Tradition: A buffet or seated dinner followed by the cutting of cake and the smashing of said cake into your newly betrothed's kisser

Photos by Adam Lowe Photography

Tradition: A buffet or seated dinner followed by the cutting of cake and the smashing of said cake into your newly betrothed's kisser

Trends: Local food and booze; food trucks; cupcake, candy and pie tables; late-night snacks

German Village residents Scott Elder and Chad Huguenin can't remember the last time they went to a chain restaurant.

"We're locovores to the extent that we can be," Elder said. "We're very motivated by stimulating the local economy and rewarding local businesses with our support."

For their ceremony next month at the Victorian-style Taylor Mansion, the couple is going as local as possible with their autumn-centric event's food.

They picked apples at Lynd's Fruit Farm in Pataskala to use as decorations and made jars of apple butter for guest favors. Sassafras Bakery will serve apple crumb, bourbon pumpkin and buttermilk pecan pies. Guests will sip on OYO vodka, Watershed gin, and Columbus Brewing Company and Great Lakes beers (Chad's parents live up north).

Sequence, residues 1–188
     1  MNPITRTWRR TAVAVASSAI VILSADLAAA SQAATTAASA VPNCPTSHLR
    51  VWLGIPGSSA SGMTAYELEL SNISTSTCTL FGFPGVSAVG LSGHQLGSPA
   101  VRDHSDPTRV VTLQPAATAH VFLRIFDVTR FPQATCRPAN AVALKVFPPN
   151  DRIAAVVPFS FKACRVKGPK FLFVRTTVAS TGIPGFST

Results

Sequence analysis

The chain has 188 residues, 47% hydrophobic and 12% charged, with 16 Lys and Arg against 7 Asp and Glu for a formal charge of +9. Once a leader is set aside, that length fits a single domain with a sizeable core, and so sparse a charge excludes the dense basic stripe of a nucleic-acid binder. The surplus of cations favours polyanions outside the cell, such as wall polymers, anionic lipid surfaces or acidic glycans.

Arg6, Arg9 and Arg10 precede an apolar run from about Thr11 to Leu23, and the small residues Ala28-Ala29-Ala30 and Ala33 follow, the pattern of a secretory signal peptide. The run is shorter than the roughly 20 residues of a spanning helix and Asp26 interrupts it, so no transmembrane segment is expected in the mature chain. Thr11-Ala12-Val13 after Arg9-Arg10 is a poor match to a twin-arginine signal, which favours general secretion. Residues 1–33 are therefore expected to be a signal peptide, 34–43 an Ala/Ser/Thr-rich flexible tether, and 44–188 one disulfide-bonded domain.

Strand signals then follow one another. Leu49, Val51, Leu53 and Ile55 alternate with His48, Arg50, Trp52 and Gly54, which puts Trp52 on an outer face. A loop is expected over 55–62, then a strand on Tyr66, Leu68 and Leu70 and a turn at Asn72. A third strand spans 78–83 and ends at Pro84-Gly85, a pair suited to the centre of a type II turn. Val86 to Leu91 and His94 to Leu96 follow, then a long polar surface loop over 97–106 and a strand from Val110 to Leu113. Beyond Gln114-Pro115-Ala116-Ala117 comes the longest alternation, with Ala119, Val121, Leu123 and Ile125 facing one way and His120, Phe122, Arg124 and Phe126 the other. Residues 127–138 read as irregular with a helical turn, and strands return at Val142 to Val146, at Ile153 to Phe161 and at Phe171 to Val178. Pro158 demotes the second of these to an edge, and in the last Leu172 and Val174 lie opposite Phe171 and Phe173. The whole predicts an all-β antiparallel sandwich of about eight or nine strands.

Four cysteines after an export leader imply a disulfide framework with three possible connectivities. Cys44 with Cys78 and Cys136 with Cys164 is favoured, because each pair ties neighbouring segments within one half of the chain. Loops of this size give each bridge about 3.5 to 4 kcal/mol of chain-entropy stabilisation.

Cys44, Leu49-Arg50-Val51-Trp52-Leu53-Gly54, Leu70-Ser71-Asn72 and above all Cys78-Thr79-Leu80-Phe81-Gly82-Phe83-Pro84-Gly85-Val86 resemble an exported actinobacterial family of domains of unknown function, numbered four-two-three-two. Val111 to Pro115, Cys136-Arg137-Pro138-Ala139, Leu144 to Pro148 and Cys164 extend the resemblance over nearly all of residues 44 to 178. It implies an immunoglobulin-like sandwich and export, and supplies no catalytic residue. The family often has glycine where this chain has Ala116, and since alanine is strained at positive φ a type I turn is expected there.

Dinner will be catered by The Upper Crust, and Elder said the company is working with them to use local food ingredients.

"It's very difficult for catering companies to use all local food, which is something I didn't even think about," Elder said. "But they've been awesome to work with and are using local produce when they can. … It creates an additional cost that we're OK with paying because it's important to us."

Other couples are going local by having food trucks serve at their reception or post-party food hour, a light-hearted way to feed the masses.

The Cheesy Truck, for example, already has two inquiries for weddings next spring. Couples can, with at least a month's notice, design their own gooey menu. Cost is determined by guest count, hours and ingredients in addition to a minimum hourly base rate.